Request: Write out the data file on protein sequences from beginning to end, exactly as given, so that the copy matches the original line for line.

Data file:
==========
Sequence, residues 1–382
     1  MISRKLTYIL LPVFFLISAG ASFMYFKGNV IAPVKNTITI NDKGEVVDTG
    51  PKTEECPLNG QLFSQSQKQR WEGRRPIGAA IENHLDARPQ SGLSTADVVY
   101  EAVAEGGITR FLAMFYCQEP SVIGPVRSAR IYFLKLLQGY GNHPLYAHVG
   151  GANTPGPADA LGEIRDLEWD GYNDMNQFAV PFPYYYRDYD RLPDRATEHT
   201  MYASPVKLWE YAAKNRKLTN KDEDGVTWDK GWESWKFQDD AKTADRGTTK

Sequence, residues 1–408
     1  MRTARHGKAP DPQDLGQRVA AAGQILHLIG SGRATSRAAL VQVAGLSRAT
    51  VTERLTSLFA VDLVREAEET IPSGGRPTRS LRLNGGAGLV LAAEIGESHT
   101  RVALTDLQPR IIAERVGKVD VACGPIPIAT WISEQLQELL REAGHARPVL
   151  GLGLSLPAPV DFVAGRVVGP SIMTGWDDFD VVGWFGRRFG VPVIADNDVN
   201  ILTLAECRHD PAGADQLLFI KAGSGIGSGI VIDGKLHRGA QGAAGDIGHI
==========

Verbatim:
Sequence, residues 1–382
     1  MISRKLTYIL LPVFFLISAG ASFMYFKGNV IAPVKNTITI NDKGEVVDTG
    51  PKTEECPLNG QLFSQSQKQR WEGRRPIGAA IENHLDARPQ SGLSTADVVY
   101  EAVAEGGITR FLAMFYCQEP SVIGPVRSAR IYFLKLLQGY GNHPLYAHVG
   151  GANTPGPADA LGEIRDLEWD GYNDMNQFAV PFPYYYRDYD RLPDRATEHT
   201  MYASPVKLWE YAAKNRKLTN KDEDGVTWDK GWESWKFQDD AKTADRGTTK

Sequence, residues 1–408
     1  MRTARHGKAP DPQDLGQRVA AAGQILHLIG SGRATSRAAL VQVAGLSRAT
    51  VTERLTSLFA VDLVREAEET IPSGGRPTRS LRLNGGAGLV LAAEIGESHT
   101  RVALTDLQPR IIAERVGKVD VACGPIPIAT WISEQLQELL REAGHARPVL
   151  GLGLSLPAPV DFVAGRVVGP SIMTGWDDFD VVGWFGRRFG VPVIADNDVN
   201  ILTLAECRHD PAGADQLLFI KAGSGIGSGI VIDGKLHRGA QGAAGDIGHI